Land of Ice and Fire...and sheep!
My son and I have recently returned from an amazing and memorable 3-day holiday in Iceland exploring Reykjavik, The Golden Circle (a wonderful guide with ‘Grayline Tours’) and The Blue Lagoon… an adventure full of geysers, hot springs, tectonic plates and famous fissures, the original Viking parliament, a beautiful waterfall at Gullfoss, bubbling mud pools, silky milky-blue mineral rich waters, elves and trolls, moss covered lava fields and much more..!
I was also on the lookout, a little bit! for sheep on our travels, as always hope to find some strands attached to bushes and branches but we only saw a few sheep, roaming wild in the far distance beneath the mountains, eating moss and herbs…and apart from a few Icelandic birch there are very few trees to catch wool on….
The Icelandic sheep is an ancient North European breed, slightly smaller than modern varieties, whose double-layered coat is uniquely suited to cold and wet conditions. The inner layer, or thel, is insulating, superlight and very airy, while the outer layer, or tog, is long, strong and water repellent. Carded together, these two layers make lopi, versatile wool used to knit lopapeysa, the distinctive traditional Icelandic sweater of concentric rings. I'd love one of these but they are hugely expensive and my knitting skills are not exactly up to the 'lopapeysa'!
‘At summer’s apex, the number of sheep in Iceland outnumbers the human population three to one, at approximately 500,000. Allowed to roam wild in the summer, they are ubiquitous on the island’s barren, rocky landscape, sometimes scaling giant mountains in search of edible moss and herbs, where they can only be seen as tiny white, black and brown specks thousands of feet in the air.’
Excerpt taken from: ‘Why Farmers and Knitters Are Fixated on Icelandic Sheep’
A wonderful chance meeting with a visitor to Morvah Schoolhouse recently inspired a new venture in 3D :-)
Mary makes felted pots and vessels and also keeps alpacas and she very kindly gave me a large bag of last year’s shearing from her 12-year-old, Josephine. The fleece is beautifully soft, a wonderful quality with subtle stripes and colour variation and a slight crimp too - such a joy to handle.
It's fantastic to know the provenance of the wools and fleeces, especially to this extent! and in feeling sure that the animals are treated with kindness and respect. This is fundamental to the work I do - further details here.
To make the pot, you can use a cheapy resist (£1 silicone baking sheet) and table mats. I cut a large circle in the resist and pre-felted three layers of wool around it, then, with a good amount of felting, the resist starts to buckle as the fibres shrink and you can cut a smallish hole in the felt and pull it out. (In the final layer I added a few strands of French D’Arles Merino for a little more colour contrast - darker brown - and then decided to sew a few ridges into the surface for interest whilst wet.) Finally, shape the pot and fill with bubble-wrap then leave it to dry in the sun (and the airing cupboard).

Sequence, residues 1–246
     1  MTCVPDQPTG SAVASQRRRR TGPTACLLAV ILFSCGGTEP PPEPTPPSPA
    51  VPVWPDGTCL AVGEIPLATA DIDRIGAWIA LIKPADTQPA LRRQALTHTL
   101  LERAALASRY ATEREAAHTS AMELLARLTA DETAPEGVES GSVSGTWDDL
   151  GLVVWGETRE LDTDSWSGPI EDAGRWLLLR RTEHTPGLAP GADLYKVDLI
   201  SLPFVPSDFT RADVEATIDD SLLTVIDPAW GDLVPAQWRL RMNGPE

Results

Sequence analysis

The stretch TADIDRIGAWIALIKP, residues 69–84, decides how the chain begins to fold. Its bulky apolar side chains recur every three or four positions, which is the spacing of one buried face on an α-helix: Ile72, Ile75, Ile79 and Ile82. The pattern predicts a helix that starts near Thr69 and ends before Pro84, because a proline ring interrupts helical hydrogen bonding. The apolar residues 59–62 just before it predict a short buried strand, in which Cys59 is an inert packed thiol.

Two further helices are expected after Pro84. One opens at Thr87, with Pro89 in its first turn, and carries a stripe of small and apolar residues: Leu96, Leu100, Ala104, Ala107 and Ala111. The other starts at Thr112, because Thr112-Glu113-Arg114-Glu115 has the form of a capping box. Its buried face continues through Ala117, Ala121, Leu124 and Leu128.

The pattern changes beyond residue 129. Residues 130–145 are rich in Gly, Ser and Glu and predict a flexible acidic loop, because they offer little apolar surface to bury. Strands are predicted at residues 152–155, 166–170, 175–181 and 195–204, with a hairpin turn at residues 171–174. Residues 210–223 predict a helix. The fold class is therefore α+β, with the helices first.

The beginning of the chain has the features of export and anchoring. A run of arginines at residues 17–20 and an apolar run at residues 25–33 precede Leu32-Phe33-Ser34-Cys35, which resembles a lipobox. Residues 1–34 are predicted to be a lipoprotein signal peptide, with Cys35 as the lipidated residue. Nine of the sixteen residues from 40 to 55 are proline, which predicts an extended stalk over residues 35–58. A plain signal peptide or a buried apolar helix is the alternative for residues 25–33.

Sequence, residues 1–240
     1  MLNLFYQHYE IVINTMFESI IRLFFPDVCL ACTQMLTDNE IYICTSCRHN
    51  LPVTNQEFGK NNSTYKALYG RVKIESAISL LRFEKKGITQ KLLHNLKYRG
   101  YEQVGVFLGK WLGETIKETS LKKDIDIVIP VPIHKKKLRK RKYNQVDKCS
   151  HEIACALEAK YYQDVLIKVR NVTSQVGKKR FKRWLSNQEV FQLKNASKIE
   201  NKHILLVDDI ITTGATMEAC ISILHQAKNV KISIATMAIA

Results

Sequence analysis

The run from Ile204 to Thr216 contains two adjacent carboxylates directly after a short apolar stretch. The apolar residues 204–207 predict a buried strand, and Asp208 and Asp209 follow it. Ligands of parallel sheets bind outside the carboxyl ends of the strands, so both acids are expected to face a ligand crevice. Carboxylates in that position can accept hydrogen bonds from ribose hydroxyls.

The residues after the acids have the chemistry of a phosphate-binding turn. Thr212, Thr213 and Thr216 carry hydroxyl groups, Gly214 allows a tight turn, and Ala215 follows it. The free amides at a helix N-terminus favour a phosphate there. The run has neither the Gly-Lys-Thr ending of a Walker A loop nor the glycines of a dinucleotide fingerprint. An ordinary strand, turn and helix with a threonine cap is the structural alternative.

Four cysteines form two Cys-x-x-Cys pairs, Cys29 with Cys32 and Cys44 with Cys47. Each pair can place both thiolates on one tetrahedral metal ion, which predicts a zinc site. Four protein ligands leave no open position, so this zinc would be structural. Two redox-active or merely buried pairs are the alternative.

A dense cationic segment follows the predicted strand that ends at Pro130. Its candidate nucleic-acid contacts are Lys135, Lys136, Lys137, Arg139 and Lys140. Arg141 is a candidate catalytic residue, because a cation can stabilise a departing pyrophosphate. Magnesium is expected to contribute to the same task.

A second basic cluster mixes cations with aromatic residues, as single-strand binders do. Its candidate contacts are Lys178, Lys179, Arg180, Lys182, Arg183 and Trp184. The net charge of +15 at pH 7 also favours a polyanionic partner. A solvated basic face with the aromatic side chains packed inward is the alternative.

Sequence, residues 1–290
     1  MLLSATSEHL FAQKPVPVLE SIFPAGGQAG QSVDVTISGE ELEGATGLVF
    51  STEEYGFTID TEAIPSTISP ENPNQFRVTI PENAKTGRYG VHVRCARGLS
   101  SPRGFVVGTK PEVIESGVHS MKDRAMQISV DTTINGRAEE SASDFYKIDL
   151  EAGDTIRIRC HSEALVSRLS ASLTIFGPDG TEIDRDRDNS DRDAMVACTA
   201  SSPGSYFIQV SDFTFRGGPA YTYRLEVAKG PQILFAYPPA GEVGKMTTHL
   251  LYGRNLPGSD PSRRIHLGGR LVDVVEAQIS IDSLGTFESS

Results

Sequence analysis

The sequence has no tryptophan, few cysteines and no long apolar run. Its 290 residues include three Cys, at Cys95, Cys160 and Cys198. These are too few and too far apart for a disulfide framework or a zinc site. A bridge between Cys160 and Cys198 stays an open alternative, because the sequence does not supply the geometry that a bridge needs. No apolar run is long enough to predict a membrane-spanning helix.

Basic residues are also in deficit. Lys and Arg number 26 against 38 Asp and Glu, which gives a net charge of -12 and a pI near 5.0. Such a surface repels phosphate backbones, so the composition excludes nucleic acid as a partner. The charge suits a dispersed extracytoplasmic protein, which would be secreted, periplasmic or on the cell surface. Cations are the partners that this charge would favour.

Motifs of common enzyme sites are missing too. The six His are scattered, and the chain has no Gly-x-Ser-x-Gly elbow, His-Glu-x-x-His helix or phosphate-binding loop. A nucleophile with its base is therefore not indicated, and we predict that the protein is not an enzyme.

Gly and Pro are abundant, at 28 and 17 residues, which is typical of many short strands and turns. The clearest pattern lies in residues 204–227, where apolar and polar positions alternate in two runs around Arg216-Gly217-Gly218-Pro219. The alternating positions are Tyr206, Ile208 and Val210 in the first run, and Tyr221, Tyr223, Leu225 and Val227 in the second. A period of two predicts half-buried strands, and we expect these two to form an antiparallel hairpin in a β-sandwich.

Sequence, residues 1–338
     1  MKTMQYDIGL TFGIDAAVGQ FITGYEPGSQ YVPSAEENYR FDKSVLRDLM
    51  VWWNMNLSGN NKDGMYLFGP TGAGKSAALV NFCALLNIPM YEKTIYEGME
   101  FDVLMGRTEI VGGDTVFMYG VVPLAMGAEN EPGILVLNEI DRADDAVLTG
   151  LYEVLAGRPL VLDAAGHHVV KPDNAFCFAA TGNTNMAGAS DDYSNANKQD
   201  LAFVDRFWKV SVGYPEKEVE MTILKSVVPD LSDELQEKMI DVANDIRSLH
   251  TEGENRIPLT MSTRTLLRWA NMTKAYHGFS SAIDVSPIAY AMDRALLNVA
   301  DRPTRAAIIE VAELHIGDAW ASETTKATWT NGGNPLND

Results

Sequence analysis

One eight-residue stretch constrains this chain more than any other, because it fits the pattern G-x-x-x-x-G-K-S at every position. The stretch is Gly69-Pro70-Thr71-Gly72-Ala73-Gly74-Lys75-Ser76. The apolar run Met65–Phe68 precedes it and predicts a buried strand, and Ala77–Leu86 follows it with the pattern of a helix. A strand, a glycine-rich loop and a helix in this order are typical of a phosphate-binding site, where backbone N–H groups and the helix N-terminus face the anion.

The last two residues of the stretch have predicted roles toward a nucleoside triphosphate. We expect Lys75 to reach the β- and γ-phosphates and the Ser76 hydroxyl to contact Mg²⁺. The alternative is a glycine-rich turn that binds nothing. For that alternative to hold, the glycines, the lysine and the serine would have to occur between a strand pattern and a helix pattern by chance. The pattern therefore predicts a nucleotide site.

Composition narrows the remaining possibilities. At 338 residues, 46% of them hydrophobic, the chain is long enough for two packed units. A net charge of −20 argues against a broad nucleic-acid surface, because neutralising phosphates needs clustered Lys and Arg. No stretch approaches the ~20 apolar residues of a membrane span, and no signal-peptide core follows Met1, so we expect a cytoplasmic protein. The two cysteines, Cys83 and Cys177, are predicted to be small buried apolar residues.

Felted pots/vessels and pods have such an organic nature, they feel truly beautiful to hold and you can create any shape, size and design, and each type of wool will create a different texture. The alpaca wool is very fine and soft so adding a little more of another wool such as Merino or maybe Texel (quite bulky and resilient) might be a good idea next time to increase sturdiness and I don’t think I felted mine for long enough this time... I might still sew a few more ridges too... they resemble texture on bark a little...
I can imagine future designs with simple embellishing, birds, ferns, flowers, plants, insects …maybe felt plates, platters, dishes, pots, sculptural pieces….endless!
The wonder of felt is that you are creating the form whilst also making the fabric and it's great to watch what happens and unfolds along the way :-)
There are many online tutorials for making felted vessels and I think I might follow one next time to get some more handy tips and hints. I'd also like to start working out how to film my work to make time-lapse videos (my son can help me with this!) and when I create another pot/pod I'll write more detailed notes... this first time was a real (pretty messy!) experiment :-)
Thank you Mary and Josephine for the inspiration, the tips and technique using resists - and your beautiful fleece xx
Beautiful Arapawa sheep!
From Cornwall to New Zealand, with love :-)
I'm so happy to have been sent some wool from my wonderful friend Allyson in New Zealand, whose friend Cilla lives in Waihi Gorge, a beautiful and scenic area by the river and a waterfall ...it sounds idyllic…and perfect for her sheep too!
Cilla explained a little about the breed - 'Arapawa wool comes from sheep that originated from Arapawa Island in Marlborough Sounds since 130 years ago. Lean, light-boned, alert, bright eyes; they are active sheep and have survived hostile terrain and situations. They are resistant to lots of illnesses such as fly strike and are very good mothers naturally.
You will notice the different texture of the wool as you felt it – the brown is very soft and easy to felt, the grey wool has an elasticity and stretch in it that is completely different from the brown wool.’
Thank you so much Allyson and Cilla - and Fernando, Lola and Luna! What beautiful sheep and I can't wait to get felting :-) xxxxx